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European Commission

Press release

Brussels, 1 October 2014

New pan-European pension fund to boost researcher mobility

Mobility of researchers in Europe received a boost today with the launch of a consortium that aims to establish a new pan-European pension arrangement. Once put in place, the RESAVER initiative would mean that researchers could move freely without having to worry about preserving their supplementary pension benefits.

The consortium plans to set up the pension arrangement in 2015. It will enable researchers to remain affiliated to the same pension fund, even when changing jobs and moving between different countries. The European Commission will cover the initial set up costs through a four-year framework contract that will be awarded before the end of 2014.

The consortium will be working as an international not-for-profit association registered in Belgium. The founding members are: Central European University Budapest; Central European Research Infrastructure Consortium (CERIC-ERIC); Elettra - Sincrotrone Trieste S.C.p.A; Fondazione Edmund Mach; Istituto Italiano di Tecnologia; Technical University of Vienna; and the Association of universities in the Netherlands (VSNU).

European Commissioner for Research, Innovation and Science Máire Geoghegan-Quinn said: "We have worked hard to boost the free movement of knowledge in Europe. Our €80 billion research and innovation programme Horizon 2020 was built with this in mind. Pensions are a serious barrier to free movement, but today that barrier has begun to crumble. I strongly encourage research organisations across Europe to join the consortium."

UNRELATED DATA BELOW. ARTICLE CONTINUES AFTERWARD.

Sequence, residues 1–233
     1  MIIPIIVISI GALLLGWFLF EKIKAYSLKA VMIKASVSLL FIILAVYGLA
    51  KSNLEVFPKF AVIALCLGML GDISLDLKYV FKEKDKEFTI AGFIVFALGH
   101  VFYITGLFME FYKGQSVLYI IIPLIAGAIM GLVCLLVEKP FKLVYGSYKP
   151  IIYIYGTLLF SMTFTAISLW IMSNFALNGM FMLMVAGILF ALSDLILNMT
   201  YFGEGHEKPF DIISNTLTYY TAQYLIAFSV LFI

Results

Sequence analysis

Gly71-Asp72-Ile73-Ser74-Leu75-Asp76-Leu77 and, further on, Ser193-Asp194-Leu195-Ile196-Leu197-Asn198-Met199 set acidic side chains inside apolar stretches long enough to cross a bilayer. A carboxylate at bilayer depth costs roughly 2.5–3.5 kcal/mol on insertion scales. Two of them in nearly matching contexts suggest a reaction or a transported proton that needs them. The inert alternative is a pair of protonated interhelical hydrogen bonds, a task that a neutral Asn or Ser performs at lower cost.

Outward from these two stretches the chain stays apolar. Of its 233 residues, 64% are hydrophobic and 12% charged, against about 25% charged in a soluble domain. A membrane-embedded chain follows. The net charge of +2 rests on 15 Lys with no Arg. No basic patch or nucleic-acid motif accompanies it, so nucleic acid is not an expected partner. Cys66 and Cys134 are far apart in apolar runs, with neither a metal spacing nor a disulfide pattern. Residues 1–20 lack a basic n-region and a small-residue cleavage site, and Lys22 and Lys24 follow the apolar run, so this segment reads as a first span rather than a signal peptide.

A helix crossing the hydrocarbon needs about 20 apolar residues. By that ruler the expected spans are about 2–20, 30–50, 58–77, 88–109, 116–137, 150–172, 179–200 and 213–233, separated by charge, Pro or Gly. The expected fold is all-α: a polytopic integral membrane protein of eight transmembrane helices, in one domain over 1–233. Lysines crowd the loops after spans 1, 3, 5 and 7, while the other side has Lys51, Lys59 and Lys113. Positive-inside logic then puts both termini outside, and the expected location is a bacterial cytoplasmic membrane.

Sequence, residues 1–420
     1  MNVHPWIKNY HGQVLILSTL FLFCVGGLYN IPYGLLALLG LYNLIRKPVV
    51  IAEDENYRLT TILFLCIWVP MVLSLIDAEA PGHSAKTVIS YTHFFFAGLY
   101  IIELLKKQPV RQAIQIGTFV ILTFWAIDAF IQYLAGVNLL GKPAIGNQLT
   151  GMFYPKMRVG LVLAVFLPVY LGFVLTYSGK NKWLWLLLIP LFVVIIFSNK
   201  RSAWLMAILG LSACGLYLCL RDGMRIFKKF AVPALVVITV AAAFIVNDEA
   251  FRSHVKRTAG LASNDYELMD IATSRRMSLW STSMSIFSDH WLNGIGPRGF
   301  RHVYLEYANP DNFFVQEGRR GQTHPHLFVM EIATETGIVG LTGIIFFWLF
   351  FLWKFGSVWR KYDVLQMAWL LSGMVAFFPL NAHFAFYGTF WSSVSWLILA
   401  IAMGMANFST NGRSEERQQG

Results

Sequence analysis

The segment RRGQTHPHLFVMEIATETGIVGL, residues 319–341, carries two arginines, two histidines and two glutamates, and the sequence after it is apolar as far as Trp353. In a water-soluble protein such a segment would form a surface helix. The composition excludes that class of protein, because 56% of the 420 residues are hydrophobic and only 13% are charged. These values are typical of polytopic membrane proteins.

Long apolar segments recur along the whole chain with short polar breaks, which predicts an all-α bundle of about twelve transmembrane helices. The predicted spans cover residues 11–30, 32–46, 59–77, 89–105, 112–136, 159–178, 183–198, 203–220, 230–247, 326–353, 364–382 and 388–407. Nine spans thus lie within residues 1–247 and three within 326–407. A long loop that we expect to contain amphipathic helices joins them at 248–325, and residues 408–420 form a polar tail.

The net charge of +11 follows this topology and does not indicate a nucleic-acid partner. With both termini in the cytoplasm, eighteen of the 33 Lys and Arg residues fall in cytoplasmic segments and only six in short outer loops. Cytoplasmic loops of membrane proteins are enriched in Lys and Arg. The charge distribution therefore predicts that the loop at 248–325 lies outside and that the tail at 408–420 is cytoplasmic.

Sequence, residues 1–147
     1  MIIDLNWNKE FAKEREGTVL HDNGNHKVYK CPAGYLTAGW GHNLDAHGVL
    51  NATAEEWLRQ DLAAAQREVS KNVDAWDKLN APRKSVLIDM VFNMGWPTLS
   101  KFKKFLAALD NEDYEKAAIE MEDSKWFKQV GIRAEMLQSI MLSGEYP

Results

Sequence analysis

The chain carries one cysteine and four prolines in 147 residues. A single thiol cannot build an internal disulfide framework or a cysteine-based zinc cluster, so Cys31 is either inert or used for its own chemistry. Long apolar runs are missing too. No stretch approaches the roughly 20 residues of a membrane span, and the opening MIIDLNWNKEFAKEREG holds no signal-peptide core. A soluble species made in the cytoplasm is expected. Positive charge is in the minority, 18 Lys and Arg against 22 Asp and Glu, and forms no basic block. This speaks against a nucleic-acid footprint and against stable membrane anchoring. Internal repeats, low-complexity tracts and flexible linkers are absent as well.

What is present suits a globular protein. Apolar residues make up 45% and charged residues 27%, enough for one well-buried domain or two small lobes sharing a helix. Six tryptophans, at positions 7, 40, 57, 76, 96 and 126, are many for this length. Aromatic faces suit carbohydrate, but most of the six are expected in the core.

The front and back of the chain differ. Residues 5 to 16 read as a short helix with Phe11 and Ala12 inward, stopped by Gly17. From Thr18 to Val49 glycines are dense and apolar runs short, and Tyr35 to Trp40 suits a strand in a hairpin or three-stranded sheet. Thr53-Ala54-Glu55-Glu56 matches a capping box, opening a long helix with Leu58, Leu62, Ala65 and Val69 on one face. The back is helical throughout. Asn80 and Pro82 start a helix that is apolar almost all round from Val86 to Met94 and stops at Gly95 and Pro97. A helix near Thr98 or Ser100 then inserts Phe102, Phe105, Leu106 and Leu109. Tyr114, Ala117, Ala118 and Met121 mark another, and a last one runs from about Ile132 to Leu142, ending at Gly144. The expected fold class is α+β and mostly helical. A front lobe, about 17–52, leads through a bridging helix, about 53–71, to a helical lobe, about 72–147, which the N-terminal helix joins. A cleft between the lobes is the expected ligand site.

By participating in RESAVER, employers will be able to sponsor one single pension arrangement. It will be a highly flexible retirement savings product that corresponds to the specific needs of the research community, and is capable of delivering:

  • cross-border pooling of pension plans;

  • continuity of the accumulation of pension benefits as professionals move between different organisations and countries during their career;

  • lower overhead costs (and therefore improved member benefits) through economies of scale;

  • a pan-European risk pooling solution.

The fund will help get closer to the European Research Area (ERA), a true 'single market for research'. The second ERA Progress Report, published on 16 September 2014 (IP/14/1003), confirmed that researcher mobility has serious benefits. For example, the research impact of researchers who have moved between countries is nearly 20% higher than those who have not. They generate more knowledge, which in turn means bigger benefits to the economy.

Background

Mobility of researchers is a driver of excellence in research. Nevertheless, researchers currently face many difficulties in preserving their supplementary pension benefits when moving between different countries. To overcome this problem, the European Commission conducted a feasibility study in 2010 on a Pan-European pension arrangement for researchers. Following the feasibility study, the Commission's Directorate-General for Research and Innovation invited a group of interested employers and employer representatives to prepare the ground for the establishment of what has become known as “Retirement Savings Vehicle for European Research Institutions” or RESAVER.

The initiative was singled out as a priority in the 2012 Communication on ERA, in which the European Commission committed itself to "support stakeholders in setting up pan-European supplementary pension fund(s) for researchers".

For more information

RESAVER website on EURAXESS

ERA Progress Report 2014

For information on membership issues, please contact the RESAVER secretariat at RTD-PENSION-FUND@ec.europa.eu

Contacts :

Michael Jennings (+32 2 296 33 88) Twitter: @ECSpokesScience

Monika Wcislo (+32 2 298 65 95)

For the public: Europe Direct by phone 00 800 6 7 8 9 10 11 or by e­mail


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